3 Things a Stolen Car Is Teaching Me About Poverty

By Jarrod McKenna 5-19-2015
Image via Ollyy/shutterstock.com
Image via Ollyy/shutterstock.com

So our First Home Project car was stolen, and was recently found by the police. (Yay!) 

Unfortunately it wasn't insured and cost us $450 to get out own car back. (Booo.)

Fortunately it still drives well. (Yay!)

Unfortunately it now has more graffiti in it than a public toilet. (Booo.)

We use it to teach people how to drive so they can get a job and build a new life. (Yay!!!)

Judging by the damage to the car's front, side, and back, looks like these young locals could have done with a few driving lessons themselves. (Booo.)

But now they know were we live, I guess they can ask next time they come back. ...In fact they have come back, three times now, and have stolen about $4,000 of gear, and we've had to change all the locks. (Not yay. Un-yay. Much anti-yay.)

We were getting the car ready for amazing friends who are working hard to make a new life here in Australia. (Yay!)

Unfortunately it's now going to take a lot more work. (Booo.)

Fortunately the spare tire is still in the boot. (Yay!)

Unfortunately it's now covered in what looks like dry blood. (Booo. ...And a serious amount of "What the!?!" and "Lord have mercy!") 

But all this has actually deepened my spirituality. Really. (Yay!) 

After this experience, I'm left contemplating these three realities:
1. There is a despairing nihilism that poverty, abuse, and drugs produce in our neighborhood. The faces and stories of young people we've walked with through the cycles of prison and drugs and homelessness and pain are present to me as I sit in this car and pray for the healing of those who left a Coldplay CD in here. (Yes. That is the depth of their despair ... Coldplay was the soundtrack to the joyride.)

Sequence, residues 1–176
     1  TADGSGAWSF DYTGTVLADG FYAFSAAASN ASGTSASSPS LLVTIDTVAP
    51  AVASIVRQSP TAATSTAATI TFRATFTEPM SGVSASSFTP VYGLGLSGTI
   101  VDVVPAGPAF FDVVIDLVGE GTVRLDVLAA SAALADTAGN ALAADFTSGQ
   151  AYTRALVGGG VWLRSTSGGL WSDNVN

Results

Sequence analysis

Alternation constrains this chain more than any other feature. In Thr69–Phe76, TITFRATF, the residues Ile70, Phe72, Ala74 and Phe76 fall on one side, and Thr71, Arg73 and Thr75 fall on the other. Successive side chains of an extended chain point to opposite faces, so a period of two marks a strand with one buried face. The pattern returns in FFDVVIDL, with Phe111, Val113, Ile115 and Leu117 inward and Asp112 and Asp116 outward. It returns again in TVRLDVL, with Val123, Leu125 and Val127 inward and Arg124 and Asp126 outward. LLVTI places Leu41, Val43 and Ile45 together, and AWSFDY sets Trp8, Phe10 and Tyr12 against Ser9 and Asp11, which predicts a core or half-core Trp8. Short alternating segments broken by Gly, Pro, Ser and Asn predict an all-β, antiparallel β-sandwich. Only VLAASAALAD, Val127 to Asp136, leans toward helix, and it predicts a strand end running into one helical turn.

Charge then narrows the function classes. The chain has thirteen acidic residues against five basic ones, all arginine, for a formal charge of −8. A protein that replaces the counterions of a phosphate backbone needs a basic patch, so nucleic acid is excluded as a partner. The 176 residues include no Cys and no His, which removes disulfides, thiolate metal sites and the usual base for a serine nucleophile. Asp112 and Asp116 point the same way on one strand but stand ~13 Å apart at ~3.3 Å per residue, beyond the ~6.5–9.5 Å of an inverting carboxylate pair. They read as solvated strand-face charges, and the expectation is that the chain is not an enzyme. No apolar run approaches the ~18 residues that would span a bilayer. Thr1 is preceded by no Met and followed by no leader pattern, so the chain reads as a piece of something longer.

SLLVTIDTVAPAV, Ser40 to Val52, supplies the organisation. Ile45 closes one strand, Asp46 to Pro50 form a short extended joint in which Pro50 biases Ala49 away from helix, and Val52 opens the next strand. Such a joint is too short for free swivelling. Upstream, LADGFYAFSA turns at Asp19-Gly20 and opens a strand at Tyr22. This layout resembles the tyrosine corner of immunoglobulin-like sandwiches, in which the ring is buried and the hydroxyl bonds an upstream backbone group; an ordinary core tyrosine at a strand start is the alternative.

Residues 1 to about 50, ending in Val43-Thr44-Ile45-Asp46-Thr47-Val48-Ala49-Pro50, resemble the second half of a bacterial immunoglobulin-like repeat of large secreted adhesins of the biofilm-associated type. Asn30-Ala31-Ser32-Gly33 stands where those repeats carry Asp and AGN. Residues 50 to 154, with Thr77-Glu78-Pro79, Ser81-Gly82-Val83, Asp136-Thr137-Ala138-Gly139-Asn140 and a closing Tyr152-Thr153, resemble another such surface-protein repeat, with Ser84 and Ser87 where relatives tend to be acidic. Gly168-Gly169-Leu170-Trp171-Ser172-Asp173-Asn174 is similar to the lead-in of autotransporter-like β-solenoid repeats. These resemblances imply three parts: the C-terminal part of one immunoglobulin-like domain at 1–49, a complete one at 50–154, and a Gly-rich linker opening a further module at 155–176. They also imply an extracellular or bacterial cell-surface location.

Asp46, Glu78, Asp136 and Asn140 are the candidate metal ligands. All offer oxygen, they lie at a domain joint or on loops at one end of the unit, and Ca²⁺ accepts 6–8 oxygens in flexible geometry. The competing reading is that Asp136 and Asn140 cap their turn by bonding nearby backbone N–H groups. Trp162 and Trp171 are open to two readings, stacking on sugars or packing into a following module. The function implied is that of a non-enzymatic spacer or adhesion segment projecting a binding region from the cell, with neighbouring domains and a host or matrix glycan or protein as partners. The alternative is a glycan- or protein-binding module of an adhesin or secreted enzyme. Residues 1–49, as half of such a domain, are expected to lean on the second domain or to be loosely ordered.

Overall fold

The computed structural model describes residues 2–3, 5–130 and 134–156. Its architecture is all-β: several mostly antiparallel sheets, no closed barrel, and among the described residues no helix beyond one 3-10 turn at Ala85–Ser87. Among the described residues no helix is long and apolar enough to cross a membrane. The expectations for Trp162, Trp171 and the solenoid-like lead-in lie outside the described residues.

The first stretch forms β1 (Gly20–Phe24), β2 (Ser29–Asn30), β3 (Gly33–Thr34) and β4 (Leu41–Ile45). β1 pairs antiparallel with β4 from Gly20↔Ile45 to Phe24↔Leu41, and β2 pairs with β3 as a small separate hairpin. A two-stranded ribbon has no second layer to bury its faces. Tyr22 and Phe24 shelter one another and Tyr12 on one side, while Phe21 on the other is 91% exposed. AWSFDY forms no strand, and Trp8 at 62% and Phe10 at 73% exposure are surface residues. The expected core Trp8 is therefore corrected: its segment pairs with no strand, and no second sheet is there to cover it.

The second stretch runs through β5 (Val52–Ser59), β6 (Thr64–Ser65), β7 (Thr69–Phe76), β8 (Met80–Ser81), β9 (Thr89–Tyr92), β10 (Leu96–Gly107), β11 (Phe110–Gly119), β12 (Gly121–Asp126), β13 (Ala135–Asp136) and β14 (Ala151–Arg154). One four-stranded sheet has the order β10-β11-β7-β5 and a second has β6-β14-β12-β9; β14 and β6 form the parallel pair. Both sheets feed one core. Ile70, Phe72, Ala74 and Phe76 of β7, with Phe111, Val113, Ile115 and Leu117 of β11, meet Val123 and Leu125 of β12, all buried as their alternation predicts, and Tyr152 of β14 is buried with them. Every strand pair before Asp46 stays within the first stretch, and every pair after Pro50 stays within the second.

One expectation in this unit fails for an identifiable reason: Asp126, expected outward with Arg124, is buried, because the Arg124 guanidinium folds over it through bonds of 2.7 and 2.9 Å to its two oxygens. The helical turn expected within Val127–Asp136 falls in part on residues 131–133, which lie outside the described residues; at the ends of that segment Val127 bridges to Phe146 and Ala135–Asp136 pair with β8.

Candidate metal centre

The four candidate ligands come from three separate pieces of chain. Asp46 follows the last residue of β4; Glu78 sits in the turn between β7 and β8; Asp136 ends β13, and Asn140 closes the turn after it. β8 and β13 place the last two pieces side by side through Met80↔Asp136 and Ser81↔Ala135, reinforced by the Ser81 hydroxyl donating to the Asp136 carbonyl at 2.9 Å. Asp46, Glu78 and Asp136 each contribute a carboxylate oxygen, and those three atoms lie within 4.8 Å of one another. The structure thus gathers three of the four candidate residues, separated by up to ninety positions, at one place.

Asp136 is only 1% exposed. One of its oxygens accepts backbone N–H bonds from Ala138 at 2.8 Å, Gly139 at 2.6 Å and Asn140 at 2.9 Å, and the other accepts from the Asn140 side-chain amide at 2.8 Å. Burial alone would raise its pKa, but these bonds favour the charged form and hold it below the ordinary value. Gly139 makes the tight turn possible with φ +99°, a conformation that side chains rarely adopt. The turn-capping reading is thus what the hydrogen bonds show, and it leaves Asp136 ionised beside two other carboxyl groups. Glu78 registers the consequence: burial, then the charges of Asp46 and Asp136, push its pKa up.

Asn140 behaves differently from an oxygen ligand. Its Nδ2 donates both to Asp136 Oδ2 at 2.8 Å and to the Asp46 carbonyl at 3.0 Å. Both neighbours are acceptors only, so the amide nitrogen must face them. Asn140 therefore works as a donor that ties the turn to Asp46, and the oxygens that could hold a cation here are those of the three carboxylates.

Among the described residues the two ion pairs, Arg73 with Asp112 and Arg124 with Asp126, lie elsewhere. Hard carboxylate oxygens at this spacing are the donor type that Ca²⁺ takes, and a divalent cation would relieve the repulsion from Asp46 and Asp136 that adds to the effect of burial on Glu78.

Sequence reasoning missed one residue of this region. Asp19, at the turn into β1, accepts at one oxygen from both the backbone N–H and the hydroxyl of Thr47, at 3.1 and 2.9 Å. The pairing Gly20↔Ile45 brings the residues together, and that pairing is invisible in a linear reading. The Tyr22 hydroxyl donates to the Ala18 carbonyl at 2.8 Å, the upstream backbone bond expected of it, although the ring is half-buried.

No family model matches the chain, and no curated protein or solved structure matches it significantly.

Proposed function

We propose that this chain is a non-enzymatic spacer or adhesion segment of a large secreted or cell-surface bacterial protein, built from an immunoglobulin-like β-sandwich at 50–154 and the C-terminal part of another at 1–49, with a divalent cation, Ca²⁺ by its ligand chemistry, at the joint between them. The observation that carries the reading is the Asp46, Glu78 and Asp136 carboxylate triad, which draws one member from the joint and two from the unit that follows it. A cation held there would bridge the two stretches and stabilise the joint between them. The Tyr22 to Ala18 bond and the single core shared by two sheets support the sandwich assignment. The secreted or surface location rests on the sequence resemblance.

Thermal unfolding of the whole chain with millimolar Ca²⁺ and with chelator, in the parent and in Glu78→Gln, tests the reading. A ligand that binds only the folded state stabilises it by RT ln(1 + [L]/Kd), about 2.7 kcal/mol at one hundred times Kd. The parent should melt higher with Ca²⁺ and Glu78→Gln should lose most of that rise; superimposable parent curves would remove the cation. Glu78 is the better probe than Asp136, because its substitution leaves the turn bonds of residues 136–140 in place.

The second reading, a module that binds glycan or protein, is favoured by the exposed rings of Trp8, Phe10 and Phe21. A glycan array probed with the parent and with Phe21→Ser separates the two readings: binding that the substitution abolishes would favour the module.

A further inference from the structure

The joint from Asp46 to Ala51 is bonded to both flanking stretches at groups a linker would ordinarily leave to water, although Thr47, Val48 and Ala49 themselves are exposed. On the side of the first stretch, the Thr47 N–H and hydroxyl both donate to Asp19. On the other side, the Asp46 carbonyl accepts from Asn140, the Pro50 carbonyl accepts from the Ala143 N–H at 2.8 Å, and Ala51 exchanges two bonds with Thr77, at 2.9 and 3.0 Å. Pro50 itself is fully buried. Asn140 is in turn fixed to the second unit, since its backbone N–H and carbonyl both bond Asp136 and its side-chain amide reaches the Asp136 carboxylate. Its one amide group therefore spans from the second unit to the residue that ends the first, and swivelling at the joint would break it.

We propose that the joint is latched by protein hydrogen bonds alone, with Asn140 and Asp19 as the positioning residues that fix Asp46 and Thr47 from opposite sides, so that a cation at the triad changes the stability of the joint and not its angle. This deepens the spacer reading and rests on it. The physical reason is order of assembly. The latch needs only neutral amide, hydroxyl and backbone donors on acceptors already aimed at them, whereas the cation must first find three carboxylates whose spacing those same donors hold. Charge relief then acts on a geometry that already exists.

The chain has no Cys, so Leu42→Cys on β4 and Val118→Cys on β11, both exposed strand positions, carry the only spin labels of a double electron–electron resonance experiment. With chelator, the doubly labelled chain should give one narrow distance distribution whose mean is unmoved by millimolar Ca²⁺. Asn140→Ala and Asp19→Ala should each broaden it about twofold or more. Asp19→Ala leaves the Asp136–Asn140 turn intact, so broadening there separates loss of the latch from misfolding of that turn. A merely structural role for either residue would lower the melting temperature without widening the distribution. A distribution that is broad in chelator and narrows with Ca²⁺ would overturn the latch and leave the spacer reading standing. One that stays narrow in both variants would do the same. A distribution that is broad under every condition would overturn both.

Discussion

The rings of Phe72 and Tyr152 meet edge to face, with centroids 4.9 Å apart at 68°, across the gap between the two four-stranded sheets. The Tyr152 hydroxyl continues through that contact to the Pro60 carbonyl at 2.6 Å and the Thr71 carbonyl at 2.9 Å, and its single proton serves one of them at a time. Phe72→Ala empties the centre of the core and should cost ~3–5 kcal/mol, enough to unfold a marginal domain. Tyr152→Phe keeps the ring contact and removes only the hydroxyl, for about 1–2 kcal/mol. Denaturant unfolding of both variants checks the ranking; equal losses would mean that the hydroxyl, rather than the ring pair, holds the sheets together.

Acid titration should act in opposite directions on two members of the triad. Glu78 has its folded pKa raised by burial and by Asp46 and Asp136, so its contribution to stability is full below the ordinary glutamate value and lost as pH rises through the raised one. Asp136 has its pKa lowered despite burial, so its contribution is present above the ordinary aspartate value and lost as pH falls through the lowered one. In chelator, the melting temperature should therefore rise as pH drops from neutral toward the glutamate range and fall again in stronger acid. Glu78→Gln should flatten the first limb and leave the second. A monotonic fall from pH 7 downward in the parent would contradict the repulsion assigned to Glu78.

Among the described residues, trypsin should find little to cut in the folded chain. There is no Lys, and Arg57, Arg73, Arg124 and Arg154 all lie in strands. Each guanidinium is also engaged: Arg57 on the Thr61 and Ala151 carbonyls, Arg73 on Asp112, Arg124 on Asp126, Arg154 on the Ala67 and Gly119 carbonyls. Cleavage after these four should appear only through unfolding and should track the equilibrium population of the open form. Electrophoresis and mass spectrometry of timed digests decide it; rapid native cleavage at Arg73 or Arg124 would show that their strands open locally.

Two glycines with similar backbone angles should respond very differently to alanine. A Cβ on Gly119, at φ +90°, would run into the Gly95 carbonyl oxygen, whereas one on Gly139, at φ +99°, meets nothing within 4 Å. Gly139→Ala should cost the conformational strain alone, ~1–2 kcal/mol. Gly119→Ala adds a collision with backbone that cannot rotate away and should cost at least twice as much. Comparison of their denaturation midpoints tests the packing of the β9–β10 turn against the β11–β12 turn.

2. There is a healing that praying for those who mistreat us brings. Becoming numb or callous is understandable, but never transforming. It hurts like hell, but we must let our hearts break again. Love only flows through a heart that is broken.

3. Love has the last word. The stories of the young people who have done this are not over. Prayer changes lives. Yes, love is vulnerable — even crucifiable. But love is also risen victorious over the grave. No love is ever lost in the universe. No love is ever wasted on another, either in prayer or in practice. And no one is beyond hope.

If you pray, pray tonight for those who steal and vandalise little signs of hope, like cars for struggling people. Pray they would encounter the transforming power of God's love.

In conclusion … Coldplay?!?!

Jarrod McKenna is amazed by grace. A peace award winning nonviolence trainer and activist, Jarrod is now National Director of Common Grace and a teaching Pastor at Westcity Church in Perth, Australia. Jarrod with his amazing wife and son Teresa and Tyson, are three of 20 people living at First Home Project; an innovative community welcoming, housing and empowering refugees. Follow him on twitter here.

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